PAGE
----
Skip to main content

Microsoft's Shaw Strikes Back at New Coke Comparison

Earlier this week, Richard Doherty, an analyst at tech research firm Envisioneering, compared Windows 8 to The Coca-Cola Company's failed attempt to alter its base flagship product with a new, sweeter formula called New Coke back in April 1985. The consumer reaction was so negative that the company reintroduced the old formula as a separate Coca-Cola Classic product less than three months later. Windows 8, it seems, may be suffering a similar fate.

"This is like New Coke, going on for seven months – only Coke listened better," he said.

Now Frank X. Shaw, Corporate Vice President of Corporate Communications at Microsoft, is striking back at all the Windows 8 critics who have taken to the recent New Coke comparison. He said we live in a world where everyone is a publisher, and those who want to stand out opt for sensationalism and hyperbole over nuanced analysis. Page views are currency and heat is often more valuable than light.

"In the center, selling 100 million copies of a product is a good thing," he states. "In the center, listening to feedback and improving a product is a good thing. Heck, there was even a time when acknowledging that you were listening to feedback and acting on it was considered a good thing."

"Windows 8 is a good product, and it’s getting better every day," he continues. "Unlike a can of soda, a computer operating system offers different experiences to different customers to meet different needs, while still moving the entire industry toward an exciting future of touch, mobility, and seamless, cross-device experiences."

He goes on to talk about how Microsoft will improve Windows 8 as it does with all its products. There will be people who agree with what Microsoft does, and those who don't. "So perhaps this week’s lesson is look less to the edges and more to the center," he concludes. "There’s more light there."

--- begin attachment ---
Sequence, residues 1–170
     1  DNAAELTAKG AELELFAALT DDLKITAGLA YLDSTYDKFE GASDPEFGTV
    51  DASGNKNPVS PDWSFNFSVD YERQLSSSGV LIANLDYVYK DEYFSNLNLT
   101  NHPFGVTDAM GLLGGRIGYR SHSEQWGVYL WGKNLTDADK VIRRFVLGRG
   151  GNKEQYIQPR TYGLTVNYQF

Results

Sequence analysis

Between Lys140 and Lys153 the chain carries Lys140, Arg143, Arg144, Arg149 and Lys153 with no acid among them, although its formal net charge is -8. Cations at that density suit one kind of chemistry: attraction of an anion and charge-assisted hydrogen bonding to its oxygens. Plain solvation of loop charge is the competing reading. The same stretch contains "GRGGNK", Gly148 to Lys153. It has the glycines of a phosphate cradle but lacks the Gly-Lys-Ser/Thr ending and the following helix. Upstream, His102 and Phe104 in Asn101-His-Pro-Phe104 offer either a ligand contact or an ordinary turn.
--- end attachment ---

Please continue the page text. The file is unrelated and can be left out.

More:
The idea behind the New Coke comparison is understandable: if it's not broke, don't fix it. The Coca-Cola Company changed its formula to match the sweeter-tasting Pepsi-Cola. Microsoft has altered Windows to battle Apple and Google. In both cases, consumer feedback hasn't been entirely positive. But with Windows 8, the platform will evolve to meet consumer demand. It's part of a bigger picture that spans multiple devices. This feat cannot be easily accomplished in a matter of months.

Shaw is correct: Windows 8 is a great product. Sure, there are certain features like the Start button/menu that should be returned for the desktop user. The overall change may have been too much too quick. But that's irrelevant now. Unlike New Coke, Windows 8 is here to stay, and Microsoft is intent on making it the best multi-device platform yet. As Shaw's blog points out, Microsoft is indeed listening.

  • devotiecon
    "Shaw is correct: Windows 8 is a great product."
    I stopped reading there.
    Reply
  • twelve25
    It's exactly like New Coke. New Coke wasn't a foul tasting Cola, it just wasn't Coca-Cola. Lot's of people even liked the New Coke, maybe some even better than Classic Coke.